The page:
It’s rare that you can say that a team which finishes in a seventh place could and should have won the league. As odd as it may seem, however, this applied to Cork City in the 1994-95 Premier Division, a real season of two halves. In the first 16 league games, City won 10, drew three and lost three to top the table with 33 points, but 11 of the remaining 17 matches were lost, the turning point being the resignation of manager Damien Richardson following a 3-2 defeat away to Sligo Rovers in December.

Up until then, things had been fairly rosy, with Billy Woods making an immediate impact as Anthony Buckley's replacement  while young left-back Gareth Cronin was a revelation, allowing Stephen Napier to partner Fergus O'Donoghue in the centre of defence. The kit from the previous season - now known by most fans as 'the pyjamas' - remained, but clearly there had been misigivings about the shorts with one striped leg, as they were no longer to be seen anywhere.
Deciding upon a replacement set was not exactly straightforward. A short-term fix was seen in the pre-season friendly against Celtic at Bishopstown, where the team wore blue shorts in the new adidas design (above left), but by the time competitive action began a red version had been found (above). These shorts were worn against Slavia Prague in the UEFA Cup, a 6-0 aggregate loss, but they did not last for too long either. Eventually, a green set, with red and white stripes, was sourced (right), and these were the shorts worn for the remainder of the season. Results domestically continued to impress, but behind the scenes, the situation was not as positive as it might have seemed to the fans.

As has so often the case with football on Leeside, money was in short supply. Richardson, effectively operating with a squad of 14 first-team players, wanted chairman Pat O’Donovan to provide investment for new players, but it was not forthcoming, which is hardly surprising when some players could not be reimbursed for the loss of earnings from their normal jobs. In fact, Tommy Gaynor, claiming that he he had not been reimbursed for time off work for the Prage game, went on an unofficial 'strike' for a game against Shelbourne in December.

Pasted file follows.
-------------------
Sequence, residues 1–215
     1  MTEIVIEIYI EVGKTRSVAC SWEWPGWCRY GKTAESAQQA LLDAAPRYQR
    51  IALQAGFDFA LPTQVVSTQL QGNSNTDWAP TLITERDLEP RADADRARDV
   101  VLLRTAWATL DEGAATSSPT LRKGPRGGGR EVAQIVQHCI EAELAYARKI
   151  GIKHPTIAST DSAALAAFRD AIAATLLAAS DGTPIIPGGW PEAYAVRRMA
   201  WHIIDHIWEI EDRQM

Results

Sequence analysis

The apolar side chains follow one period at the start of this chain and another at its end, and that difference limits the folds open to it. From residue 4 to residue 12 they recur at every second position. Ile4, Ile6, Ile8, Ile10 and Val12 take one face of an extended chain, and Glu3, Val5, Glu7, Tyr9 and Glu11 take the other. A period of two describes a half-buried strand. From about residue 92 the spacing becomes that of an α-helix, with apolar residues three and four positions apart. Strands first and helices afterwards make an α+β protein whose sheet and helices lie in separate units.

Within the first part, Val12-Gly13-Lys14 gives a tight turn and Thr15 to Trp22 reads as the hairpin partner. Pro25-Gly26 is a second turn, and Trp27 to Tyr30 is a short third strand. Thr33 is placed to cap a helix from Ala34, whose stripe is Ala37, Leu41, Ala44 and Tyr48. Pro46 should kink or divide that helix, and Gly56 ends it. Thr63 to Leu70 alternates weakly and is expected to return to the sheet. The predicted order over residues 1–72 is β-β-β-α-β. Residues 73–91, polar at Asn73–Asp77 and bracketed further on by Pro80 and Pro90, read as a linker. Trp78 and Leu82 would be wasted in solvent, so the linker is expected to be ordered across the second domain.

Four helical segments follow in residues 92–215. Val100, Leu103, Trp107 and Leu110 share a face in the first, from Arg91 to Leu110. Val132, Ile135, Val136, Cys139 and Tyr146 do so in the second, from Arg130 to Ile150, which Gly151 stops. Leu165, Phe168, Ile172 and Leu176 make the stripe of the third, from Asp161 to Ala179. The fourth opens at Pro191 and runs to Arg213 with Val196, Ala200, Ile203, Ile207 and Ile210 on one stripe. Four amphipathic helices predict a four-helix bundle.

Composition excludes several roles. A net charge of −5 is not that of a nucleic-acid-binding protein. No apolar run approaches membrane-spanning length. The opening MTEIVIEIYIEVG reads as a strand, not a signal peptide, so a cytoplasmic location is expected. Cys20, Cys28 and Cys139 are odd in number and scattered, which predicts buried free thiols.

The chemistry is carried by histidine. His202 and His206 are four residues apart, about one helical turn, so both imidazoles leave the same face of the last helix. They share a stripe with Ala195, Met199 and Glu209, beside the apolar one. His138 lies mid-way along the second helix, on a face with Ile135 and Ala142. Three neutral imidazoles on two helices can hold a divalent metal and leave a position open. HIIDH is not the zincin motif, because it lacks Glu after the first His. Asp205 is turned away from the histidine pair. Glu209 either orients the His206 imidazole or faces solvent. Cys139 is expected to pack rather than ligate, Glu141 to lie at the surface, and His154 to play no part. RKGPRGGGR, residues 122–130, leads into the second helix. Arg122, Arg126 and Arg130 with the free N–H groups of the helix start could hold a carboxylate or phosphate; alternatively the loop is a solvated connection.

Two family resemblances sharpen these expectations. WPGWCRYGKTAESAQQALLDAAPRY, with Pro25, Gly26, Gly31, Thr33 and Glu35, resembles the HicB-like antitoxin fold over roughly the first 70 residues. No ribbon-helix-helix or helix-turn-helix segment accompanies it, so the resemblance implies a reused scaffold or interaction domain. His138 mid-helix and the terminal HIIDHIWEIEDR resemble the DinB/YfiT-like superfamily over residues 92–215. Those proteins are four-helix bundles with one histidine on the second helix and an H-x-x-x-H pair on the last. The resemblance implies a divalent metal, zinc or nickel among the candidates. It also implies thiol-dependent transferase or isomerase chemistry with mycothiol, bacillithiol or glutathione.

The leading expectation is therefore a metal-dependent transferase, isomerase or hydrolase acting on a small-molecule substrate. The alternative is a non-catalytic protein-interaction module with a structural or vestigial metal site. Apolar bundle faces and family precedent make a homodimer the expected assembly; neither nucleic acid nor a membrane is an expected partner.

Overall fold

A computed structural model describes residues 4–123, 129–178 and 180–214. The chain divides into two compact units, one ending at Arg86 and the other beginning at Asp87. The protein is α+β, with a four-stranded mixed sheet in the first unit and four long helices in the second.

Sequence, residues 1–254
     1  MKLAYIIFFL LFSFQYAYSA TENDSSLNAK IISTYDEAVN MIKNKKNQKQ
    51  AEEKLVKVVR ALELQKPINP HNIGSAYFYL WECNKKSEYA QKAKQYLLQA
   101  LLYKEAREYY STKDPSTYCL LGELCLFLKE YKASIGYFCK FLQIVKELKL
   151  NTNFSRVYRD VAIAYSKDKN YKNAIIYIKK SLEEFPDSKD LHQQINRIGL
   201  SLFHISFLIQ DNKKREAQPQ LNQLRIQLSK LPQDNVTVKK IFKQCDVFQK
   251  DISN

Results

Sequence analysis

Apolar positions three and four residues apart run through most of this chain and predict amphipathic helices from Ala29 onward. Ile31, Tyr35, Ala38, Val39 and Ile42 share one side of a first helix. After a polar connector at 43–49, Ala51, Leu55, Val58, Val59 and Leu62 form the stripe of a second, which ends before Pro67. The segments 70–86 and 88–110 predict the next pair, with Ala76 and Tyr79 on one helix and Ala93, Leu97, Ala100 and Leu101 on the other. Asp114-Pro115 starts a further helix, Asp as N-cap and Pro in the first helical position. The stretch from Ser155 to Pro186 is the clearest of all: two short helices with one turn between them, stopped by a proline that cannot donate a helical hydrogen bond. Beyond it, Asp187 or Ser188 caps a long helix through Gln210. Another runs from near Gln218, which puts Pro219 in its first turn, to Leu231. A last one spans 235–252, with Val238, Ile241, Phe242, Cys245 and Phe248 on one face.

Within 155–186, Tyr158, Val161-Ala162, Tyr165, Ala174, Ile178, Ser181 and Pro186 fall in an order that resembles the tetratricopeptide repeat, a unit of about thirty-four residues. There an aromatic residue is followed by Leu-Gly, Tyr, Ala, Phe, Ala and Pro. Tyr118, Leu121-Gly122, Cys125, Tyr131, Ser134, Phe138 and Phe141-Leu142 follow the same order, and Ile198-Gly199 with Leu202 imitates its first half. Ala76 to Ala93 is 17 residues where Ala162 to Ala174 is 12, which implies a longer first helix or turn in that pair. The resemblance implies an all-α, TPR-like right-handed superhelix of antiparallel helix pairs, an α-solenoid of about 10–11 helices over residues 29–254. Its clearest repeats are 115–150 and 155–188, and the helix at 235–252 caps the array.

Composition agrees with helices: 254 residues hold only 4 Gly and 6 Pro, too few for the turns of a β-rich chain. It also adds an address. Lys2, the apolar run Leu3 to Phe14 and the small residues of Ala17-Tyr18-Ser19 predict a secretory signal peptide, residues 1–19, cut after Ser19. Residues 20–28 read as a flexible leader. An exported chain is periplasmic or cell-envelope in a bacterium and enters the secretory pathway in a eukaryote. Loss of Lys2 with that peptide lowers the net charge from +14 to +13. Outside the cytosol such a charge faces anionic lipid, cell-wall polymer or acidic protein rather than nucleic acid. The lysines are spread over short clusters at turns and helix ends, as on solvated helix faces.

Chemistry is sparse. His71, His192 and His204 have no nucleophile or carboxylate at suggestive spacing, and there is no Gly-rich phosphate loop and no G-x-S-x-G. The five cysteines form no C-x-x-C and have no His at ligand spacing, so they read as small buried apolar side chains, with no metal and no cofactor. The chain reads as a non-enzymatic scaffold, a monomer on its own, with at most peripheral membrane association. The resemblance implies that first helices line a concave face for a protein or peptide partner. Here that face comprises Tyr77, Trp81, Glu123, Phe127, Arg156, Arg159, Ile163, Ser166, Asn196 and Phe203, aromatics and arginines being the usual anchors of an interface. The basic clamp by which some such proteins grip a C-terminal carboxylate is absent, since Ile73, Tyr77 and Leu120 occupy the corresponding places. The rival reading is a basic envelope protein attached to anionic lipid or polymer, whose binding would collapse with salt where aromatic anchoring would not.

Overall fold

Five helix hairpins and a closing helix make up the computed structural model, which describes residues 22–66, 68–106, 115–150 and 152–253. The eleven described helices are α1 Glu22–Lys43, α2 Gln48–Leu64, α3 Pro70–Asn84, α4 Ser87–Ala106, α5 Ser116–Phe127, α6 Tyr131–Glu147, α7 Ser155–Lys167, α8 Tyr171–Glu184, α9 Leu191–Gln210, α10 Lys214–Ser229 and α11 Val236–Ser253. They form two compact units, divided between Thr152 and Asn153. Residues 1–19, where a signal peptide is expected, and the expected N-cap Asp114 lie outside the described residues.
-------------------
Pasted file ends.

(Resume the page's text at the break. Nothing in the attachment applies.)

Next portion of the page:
The week experienced by Gaynor in mid-December best illustrates the plight of City, who by now had received a long-sleeved set of the striped shirts (far left), while a sock variation had also crept in (left). On Sunday, December 11, he scored two fine goals in a 3-1 win over St Patrick’s Athletic, the  he was absent for the Shels match on the Wednesda and in Sligo on the Saturday night he was forced to go in goal after Alek Ludzik – in for Phil Harrington – was sent off when City led the game 2-1. The victory over Pat’s – played at Turner’s Cross as Bishopstown was suffering from drainage problems, so serious the FAI were threatening not to allow the club to use it for 1995-96 – left City three points clear of Shamrock Rovers and seemingly in a great position to make it two titles in three seasons and cement their staus as the country's top side.
While the defeat to Shelbourne was a setback, it was by no means terminal. The Sligo game presented problems, though. Richardson requested a Sunday afternoon kick-off and City were within their rights to look for a change as Rule 49 of the rulebook meant that clubs did not have to travel more than 170 miles for night games if they so wished, but the FAI, citing legal advice, allowed it to be played in Sligo's favoured timeslot of Saturday night. Harrington was unable to travel due to work commitments, but that didn't seem to matter as Pat Morley and John Caulfield put them into a 2-0 lead, though Johnny Kenny pulled one back for Sligo before half-time.

Five minutes into the second half, Ludzik was red-carded for what was deemed to be a professional foul on Eddie Annand and there was a delay while he attempted to protest his innocence, something which would be proven on TV highlights the next night. Aftere play had resumed,
Annand put his penalty past Gaynor and then Mike Small completed the turnaround. City were still top, but it didn’t make a difference to Richardson, who had decided to reisgn. He would say on the Monday that “There has not been a happy situation all-round at the club for some time. My decision to quite has not been taken lightly, but it’s fair to say that it’s a combination of things that have brought it to a head.” Having rung O’Donovan after the final whistle to inform his of his departure, Richardson told the players and despite captain Declan Daly leading a delegation asking him to reconsider when the bus stopped at Ballyhaunis, he could not be persuaded to change his mind.

From there, things began to go downhill, notwithstanding the victory over Dundalk in the two-legged League Cup final, Noel O'Mahony having returned again as manager to help the club out. In the other cup competition, the FAI Cup, City's interest ended with a 3-1 loss to Shamrock Rovers, which saw yet another kit oddity. Having worn the black away kit, in short-sleeved format, away to Rovers in the league (above right), the cup game oddly saw them wear long sleeves with the home shorts and socks (right).